Anyone involved in professional bike racing in North America in the late 1990s to the early 2000s will know the name Giana Roberge, and her notorious reputation as one of the toughest general managers in men's and women's cycling during her tenure under the powerful Team Saturn.
Evaporating from the sport altogether - perhaps uncharacteristically - after Saturn folded in 2004 (aside from a brief stint with team Twenty12), Roberge said goodbye to bike racing and immersed herself in equestrianism with an equal amount of success. But a recent need to move away from the financially-oriented sport of show jumping back into the more merit-based sport of cycling was met with a timely offer from Cylance Pro Cycling owner Omer Kem. It was the call she needed to get back to world-class bike racing as the team's new general manager in 2017.
"Omer remembered me from working with the Saturn men's program and reached out to me, asking if I would be interested in working with his program, Cylance," Roberge told Cyclingews.
"The timing was right because I was at the point where I wanted to get out of show jumping, and I wasn't sure what I wanted to do next. There are two things I know; horses and cycling. I feel very grateful that someone was willing to take a risk by hiring me to be part of a new team."
Few, if any, would consider hiring Roberge as a risk. Her credentials make her one of the most experienced team managers and directors in the business. A former bike racer, she competed in the first women's World Cup in Sydney, Australia in 1998, and later directed the former women's team Timex at the same event in 2000.
She took over the women's program almost entirely when Timex and Saturn sponsors formed one team under Tom Schuler's management company, Team Sports, Inc. She directed Team Saturn for four seasons and through their transition under title sponsor Quark.
In addition to directing, Schuler entrusted Roberge as his assistant general manager. In that role, she handled funding, sponsors and marketing for the cycling teams and for the Timex Multisport Team.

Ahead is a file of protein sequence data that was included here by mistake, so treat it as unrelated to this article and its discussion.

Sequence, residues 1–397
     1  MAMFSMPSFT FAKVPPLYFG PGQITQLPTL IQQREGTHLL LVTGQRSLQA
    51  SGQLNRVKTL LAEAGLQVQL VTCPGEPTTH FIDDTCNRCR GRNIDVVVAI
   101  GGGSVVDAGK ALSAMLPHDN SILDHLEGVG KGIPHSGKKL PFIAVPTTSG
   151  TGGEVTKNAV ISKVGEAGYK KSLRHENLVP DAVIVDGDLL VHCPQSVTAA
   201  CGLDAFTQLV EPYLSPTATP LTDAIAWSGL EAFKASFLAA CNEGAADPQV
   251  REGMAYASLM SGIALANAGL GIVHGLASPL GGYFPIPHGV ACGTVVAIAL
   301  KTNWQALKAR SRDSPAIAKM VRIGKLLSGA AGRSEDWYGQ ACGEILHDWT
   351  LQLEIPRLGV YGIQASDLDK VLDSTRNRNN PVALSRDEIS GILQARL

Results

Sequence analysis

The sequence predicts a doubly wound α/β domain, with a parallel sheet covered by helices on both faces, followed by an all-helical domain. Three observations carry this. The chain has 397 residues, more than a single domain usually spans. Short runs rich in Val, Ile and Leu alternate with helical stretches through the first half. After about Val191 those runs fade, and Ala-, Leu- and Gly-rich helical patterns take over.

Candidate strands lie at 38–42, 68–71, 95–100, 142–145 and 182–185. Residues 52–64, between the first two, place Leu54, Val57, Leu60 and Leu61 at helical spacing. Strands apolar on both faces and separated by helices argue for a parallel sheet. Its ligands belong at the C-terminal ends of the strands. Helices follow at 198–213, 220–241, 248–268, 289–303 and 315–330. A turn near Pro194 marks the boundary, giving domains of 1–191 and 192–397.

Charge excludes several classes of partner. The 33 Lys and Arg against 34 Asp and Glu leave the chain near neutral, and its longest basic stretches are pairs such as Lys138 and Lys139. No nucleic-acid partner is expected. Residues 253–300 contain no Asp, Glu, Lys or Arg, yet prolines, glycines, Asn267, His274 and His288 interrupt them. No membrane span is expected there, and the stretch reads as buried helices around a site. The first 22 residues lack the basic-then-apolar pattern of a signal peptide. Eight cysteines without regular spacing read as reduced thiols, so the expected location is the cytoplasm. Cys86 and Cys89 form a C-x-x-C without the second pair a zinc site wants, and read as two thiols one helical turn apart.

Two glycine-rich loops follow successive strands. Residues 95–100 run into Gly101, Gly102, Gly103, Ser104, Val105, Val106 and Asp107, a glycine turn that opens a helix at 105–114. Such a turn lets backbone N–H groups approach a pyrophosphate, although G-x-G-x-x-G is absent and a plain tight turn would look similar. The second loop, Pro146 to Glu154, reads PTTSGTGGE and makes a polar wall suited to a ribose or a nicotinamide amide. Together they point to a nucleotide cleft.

"I spent time directing the women's team and the men's team, and Tom had a series of other teams too," Roberge said. "I was his assistant general manager and was involved with all the teams on various levels, from marketing to ROI audits, budgets, a lot of Excel spreadsheets. I was Tom's right-hand woman."
She will fill a similar role as general manager under Kem at Cylance Pro Cycling. She will also direct the women's WorldTour team alongside Manel Lacambra and work with former Australian sprinter Hilton Clarke in running the men's Continental team.
"I've had a nice welcome back from both industry people and riders," Roberge said. "I feel like I must have made an impression on people back when I was directing Saturn.
"It's all very exciting. There is something so attractive about this sport and what we are all blessed to be able to do; to compete on a bicycle, to be part of making that happen, and to provide opportunities for athletes is very rewarding and it feels good. I'm helping make athletes' dreams possible and, in the end, that is what I really enjoy."
New faces emerge every season in the sport of cycling and Roberge will be facing almost an entirely new generation of riders at Cylance, compared to her time at Team Saturn in the early 2000s. As one of the most successful directors in the sport, Roberge has a reputation for being tough.
She has worked with some of the top riders in the world including German sprinters Petra Rossner and Ina Teutenberg, and Canadian Olympians Lyne Bessette and Clara Hughes. On the men's side, she directed brothers Frank and Mark McCormack, Chris Horner, Harm Jensen, Nathan O'Neill and Ivan Dominguez, among others.
Roberge says that the riders under her guidance at both the women's and men's Cylance teams should expect that same tough approach next year.
"I'm dating myself when I say this, but some of the younger athletes on the Cylance team said they had to Google my name because they didn't know who I was," Roberge laughed.
"My email used to be K A Roberge because my nickname was ‘kick ass'. That's how I raced my bike. I learned from the best riders out there to be aggressive, and I directed that way too.